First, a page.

Jason Aldean has had a couple of big hits with Brantley Gilbert-penned songs
So, newcomer Brantley Gilbert is coming up with the songs, and established star Jason Aldean is popularizing them.
Aside from the hard-core country music fans, few have heard of Gilbert. Aldean is nearly a household name, thanks to collaborations with Kelly Clarkson, and more recently, Ludacris at the CMT Music Awards.
Aldean has made a big hit with "My Kinda Party" and "Dirt Road Anthem," the latter of which Gilbert wrote with Colt Ford
So, it's a question of do you like the original version by the unknown version or the one that you hear 20 times a day on the radio? E-mail me and let me know?
Quite often, the general public doesn't know the names of songwriters, but this is a different situation because Gilbert is an artist who's not on a major label that's trying to break through.
Would his versions of the same songs had the same success? Not as likely.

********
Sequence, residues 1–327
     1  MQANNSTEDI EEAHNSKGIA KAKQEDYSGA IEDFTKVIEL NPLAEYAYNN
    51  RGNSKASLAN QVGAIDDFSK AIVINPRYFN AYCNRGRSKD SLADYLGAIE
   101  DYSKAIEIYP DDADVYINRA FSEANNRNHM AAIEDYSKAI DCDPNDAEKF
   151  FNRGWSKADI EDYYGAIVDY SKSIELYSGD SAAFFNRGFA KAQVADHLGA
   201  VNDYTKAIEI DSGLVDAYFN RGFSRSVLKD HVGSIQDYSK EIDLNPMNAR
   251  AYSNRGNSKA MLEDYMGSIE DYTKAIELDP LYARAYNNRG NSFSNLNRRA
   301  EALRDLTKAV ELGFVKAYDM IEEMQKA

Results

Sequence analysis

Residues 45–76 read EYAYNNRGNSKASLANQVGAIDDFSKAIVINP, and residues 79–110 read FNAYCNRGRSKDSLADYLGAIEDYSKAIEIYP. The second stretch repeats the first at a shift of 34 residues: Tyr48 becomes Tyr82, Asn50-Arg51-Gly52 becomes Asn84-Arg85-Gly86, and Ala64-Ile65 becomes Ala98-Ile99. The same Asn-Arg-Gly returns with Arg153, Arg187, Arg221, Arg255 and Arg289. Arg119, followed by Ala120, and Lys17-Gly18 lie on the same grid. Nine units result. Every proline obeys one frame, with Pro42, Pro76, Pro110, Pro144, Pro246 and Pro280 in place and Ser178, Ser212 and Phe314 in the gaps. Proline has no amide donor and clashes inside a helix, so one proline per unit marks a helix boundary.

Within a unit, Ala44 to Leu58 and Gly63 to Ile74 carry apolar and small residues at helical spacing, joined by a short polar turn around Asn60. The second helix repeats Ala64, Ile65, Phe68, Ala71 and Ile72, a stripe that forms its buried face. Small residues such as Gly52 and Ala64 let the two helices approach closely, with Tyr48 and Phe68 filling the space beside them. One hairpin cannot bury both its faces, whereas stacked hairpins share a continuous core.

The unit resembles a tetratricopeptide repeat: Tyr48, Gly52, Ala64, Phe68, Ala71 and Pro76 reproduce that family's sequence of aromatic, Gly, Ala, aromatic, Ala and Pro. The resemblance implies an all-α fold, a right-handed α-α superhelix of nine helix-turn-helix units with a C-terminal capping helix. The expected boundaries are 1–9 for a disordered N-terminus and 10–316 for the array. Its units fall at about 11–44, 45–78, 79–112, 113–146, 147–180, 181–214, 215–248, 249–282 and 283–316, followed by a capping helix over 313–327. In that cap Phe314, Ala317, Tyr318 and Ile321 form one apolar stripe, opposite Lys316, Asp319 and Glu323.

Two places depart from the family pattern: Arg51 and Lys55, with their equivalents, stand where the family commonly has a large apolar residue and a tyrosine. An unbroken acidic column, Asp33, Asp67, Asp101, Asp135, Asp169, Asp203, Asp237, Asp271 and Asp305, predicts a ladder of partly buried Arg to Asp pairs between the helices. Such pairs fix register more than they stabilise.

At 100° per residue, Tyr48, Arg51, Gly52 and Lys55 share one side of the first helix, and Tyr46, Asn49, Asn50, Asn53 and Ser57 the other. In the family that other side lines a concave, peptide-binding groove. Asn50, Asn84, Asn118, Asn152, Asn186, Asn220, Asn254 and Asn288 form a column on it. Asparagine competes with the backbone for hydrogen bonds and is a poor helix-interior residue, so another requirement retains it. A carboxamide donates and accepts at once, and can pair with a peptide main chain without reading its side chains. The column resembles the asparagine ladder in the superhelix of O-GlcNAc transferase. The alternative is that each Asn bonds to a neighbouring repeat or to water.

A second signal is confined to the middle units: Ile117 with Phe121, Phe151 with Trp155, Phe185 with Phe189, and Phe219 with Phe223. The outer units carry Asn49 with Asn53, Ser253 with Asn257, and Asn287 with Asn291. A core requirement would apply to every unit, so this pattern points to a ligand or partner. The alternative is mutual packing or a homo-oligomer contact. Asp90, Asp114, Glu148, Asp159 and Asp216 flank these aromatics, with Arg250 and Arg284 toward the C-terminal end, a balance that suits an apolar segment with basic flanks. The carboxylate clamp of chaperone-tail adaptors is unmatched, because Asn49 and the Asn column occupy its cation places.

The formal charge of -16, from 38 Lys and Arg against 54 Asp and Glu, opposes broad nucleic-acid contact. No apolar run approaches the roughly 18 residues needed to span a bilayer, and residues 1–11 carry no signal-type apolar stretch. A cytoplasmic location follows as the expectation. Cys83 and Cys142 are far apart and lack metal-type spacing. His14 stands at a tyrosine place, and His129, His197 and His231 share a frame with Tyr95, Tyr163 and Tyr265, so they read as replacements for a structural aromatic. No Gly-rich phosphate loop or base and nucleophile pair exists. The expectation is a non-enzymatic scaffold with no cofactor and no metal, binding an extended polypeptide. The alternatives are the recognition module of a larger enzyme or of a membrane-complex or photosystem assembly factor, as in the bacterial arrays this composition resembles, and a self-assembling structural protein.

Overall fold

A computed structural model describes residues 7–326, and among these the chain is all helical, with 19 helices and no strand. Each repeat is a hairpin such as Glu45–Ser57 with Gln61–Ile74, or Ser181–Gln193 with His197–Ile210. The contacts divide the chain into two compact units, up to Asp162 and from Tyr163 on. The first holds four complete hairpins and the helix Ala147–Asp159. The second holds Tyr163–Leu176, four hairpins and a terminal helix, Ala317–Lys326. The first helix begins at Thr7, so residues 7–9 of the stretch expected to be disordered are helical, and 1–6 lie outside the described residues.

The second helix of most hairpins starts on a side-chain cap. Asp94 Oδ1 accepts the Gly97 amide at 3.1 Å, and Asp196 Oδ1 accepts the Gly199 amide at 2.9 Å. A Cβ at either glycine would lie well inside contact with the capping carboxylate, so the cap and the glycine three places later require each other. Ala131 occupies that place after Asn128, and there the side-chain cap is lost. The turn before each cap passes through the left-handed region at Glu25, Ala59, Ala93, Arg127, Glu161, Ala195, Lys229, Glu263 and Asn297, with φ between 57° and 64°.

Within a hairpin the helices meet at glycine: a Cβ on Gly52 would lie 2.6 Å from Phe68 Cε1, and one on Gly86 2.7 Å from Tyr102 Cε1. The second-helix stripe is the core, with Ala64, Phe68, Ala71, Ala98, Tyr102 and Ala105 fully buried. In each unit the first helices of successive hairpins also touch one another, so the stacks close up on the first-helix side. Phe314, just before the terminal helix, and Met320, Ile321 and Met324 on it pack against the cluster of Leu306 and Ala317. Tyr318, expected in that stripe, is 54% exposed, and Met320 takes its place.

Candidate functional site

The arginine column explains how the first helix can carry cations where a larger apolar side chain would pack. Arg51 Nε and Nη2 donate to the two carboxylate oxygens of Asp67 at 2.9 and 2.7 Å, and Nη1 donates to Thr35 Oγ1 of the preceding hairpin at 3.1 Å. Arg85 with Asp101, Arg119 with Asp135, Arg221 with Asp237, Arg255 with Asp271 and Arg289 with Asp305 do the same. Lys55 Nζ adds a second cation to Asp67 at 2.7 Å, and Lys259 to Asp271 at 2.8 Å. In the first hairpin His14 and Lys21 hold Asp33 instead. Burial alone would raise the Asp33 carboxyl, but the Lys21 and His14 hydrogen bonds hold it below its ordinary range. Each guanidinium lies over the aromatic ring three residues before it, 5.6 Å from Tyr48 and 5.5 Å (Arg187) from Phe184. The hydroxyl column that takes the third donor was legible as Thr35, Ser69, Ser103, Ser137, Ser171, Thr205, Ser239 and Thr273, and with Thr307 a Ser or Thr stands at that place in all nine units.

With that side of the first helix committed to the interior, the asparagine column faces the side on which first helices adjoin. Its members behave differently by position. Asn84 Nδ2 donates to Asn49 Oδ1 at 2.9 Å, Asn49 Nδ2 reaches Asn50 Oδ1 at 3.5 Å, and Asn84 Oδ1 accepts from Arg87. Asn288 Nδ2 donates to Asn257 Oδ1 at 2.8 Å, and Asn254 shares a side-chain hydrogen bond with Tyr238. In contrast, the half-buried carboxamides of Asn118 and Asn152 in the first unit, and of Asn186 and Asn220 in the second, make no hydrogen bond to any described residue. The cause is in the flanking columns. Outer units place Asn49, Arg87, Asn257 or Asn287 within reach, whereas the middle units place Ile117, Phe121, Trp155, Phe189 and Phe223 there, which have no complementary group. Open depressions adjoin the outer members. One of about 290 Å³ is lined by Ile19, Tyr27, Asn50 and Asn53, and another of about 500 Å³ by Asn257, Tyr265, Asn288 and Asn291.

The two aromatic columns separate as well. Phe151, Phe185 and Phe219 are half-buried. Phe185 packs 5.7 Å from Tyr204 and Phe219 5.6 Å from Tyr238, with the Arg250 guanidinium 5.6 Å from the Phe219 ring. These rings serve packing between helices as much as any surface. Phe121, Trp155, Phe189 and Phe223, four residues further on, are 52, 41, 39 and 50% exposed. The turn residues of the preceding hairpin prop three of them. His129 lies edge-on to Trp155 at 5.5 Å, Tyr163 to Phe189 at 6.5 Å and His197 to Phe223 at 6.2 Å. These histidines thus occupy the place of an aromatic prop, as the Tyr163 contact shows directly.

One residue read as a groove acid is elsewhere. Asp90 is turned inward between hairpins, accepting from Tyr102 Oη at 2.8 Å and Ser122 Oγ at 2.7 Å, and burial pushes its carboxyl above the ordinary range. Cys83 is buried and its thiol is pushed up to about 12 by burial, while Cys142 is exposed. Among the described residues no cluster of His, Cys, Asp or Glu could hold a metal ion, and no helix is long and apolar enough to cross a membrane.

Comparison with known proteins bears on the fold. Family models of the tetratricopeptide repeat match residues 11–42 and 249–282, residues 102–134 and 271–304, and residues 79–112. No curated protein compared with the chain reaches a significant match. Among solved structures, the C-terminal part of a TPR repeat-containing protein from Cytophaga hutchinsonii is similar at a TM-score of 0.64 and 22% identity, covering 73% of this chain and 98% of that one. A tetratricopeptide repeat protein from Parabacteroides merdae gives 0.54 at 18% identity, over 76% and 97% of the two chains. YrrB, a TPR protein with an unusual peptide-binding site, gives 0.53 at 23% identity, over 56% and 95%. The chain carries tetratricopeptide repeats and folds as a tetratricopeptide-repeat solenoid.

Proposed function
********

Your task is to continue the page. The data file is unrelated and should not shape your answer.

Hopefully, Aldean will recognize the contributions that Gilbert has made to his success, if he hasn't already, and helped boost the newcomer's career.
Last week, I was driving home and listening to a Western Flyer album that I bought for $2.99 at Ernest Tubb's Record Shop on Lower Broadway on the last day of CMA Festival.
The album was mostly pedestrian, and I didn't like their version of "She Wants To Be Wanted" as much as Ty Herndon's recording of the song, on his sophomore album.
But the final cut on the album stopped me on my tracks. It was one of the most creative things I've seen in country music, and I hope a current artist duplicates it.
They covered the Tennessee Ernie Ford classic, "Sixteen Tons."
But after performing the song in its traditional form, they recorded it in hip-hop, bluegrass, rock and soul forms. All with light-hearted banter between the band in between the versions.
You could tell the Western Flyer guys were having fun, and it was really cool for the listener - because how often do you hear something like that?
I hope someone recognizes this as their contribution to country music, because otherwise they'll remain forgotten amidst the proverbial Bargain Bin of Country Music History.